Open Letter to Ancestry
Ancestry, in their latest round of cuts have decided to retire their flagship desktop application Family Tree Maker (http://buff.ly/1NLDRLi
With so many users still actively using the product and no apparent replacement for all of the beloved features, it seems counter-intuitive, but in truth, Family Tree Maker as a product has been struggling for a while as per the comments at http://buff.ly/1NLDQH6
, so Ancestry may have just decided that it was time to move onto a new chapter. Unfortunately, the poorly constructed blog post does not seem to mention what that new chapter is, hence more than 5000 negative comments in less than 24 hours.
Here is our open letter to Ancestry in response:
We know that that you are the largest for-profit genealogy company in the world and we know it takes a great deal of investment and resources to provide the great services on the scale on which you do.
Over the last couple of years, we have seen you consolidate your offerings and focus on the more profitable areas of your business. We understand that this needs to happen.
But along the way we feel that you have forgotten that you are dealing with people and families. The information that we entrust to you is more than just names and numbers that can be searched with algorithms and sold on for a subscription. It is part of the fabric of each person who uses your product, it is part of an unravelling story that we all play a part in. You have been entrusted with information that can impact us on an emotional level.
Your decision to retire Family Tree Maker has angered many, not because of the poor way in which it was publicised, but because no satisfactory alternative was given from a company that had earned the trust of many over the years. The Ancestry website is not a full replacement of the desktop product and no mention of any replacement application was made that would have re-assured your user base.
Your users will start to get weary if they feel that a product that they have invested their time and energy learning (not to mention money), can be removed with little more than 3 weeks notice. In fact most organisations of your size would have a retirement policy that would let users know the product strategy years in advance.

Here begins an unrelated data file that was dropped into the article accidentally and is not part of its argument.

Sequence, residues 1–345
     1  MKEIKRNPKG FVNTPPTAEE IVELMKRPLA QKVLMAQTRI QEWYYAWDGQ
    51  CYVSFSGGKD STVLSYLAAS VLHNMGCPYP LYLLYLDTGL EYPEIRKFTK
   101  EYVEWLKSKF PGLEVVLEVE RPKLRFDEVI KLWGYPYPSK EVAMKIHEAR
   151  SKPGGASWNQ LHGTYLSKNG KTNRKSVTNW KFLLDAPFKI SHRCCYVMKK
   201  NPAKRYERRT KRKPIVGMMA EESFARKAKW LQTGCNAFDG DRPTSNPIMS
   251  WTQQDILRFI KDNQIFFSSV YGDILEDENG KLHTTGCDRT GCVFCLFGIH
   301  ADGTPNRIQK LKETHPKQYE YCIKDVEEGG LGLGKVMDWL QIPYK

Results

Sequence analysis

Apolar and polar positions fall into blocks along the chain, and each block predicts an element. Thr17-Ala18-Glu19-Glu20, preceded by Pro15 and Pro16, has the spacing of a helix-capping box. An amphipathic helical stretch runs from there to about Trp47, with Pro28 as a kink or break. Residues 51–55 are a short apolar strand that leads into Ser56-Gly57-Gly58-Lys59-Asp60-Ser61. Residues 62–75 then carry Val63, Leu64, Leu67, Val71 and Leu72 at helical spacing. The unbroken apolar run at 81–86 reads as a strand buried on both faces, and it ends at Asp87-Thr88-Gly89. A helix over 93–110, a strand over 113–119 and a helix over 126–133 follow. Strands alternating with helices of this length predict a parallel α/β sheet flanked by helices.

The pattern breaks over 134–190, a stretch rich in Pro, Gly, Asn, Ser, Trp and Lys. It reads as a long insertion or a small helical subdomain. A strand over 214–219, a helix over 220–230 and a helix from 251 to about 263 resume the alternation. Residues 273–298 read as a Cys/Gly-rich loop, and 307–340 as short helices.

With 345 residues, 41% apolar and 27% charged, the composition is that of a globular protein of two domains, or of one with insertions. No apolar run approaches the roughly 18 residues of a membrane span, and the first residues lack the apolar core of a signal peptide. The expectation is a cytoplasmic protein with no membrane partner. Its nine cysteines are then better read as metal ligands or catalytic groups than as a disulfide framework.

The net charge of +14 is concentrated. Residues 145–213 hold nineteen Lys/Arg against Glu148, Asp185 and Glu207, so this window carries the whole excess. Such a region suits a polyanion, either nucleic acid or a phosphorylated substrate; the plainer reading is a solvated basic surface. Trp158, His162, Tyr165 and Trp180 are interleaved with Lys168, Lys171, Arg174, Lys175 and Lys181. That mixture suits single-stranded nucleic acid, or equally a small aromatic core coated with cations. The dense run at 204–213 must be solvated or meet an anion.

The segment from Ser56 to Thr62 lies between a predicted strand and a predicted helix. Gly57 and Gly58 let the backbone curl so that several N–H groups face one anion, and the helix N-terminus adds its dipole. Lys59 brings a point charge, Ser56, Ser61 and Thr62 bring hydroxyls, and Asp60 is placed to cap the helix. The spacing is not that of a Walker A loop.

Of course Family Tree Maker will not disappear, it will just not be updated and after a while it will not be supported. In that time it is hoped that the features that your users require will be added to your website, however, there has been no communication regarding your future plans, so it is natural for your user base to feel that they are being abandoned.
In the end, someone had to make a business decision, but remember that it’s the users who keep your business afloat, treat them with respect by communicating your plans more effectively; work on providing solutions either in-house or with other firms before announcements so that users have a way to transition onto your new platform with minimal impact. Create the necessary API’s or new software before retiring the old software, there are plenty of companies in the genealogy world who would be willing to help given the opportunity.
Your customers have made their views clear on your blog post and deep down you must know that you can do better. The only question that remains is, will you listen?"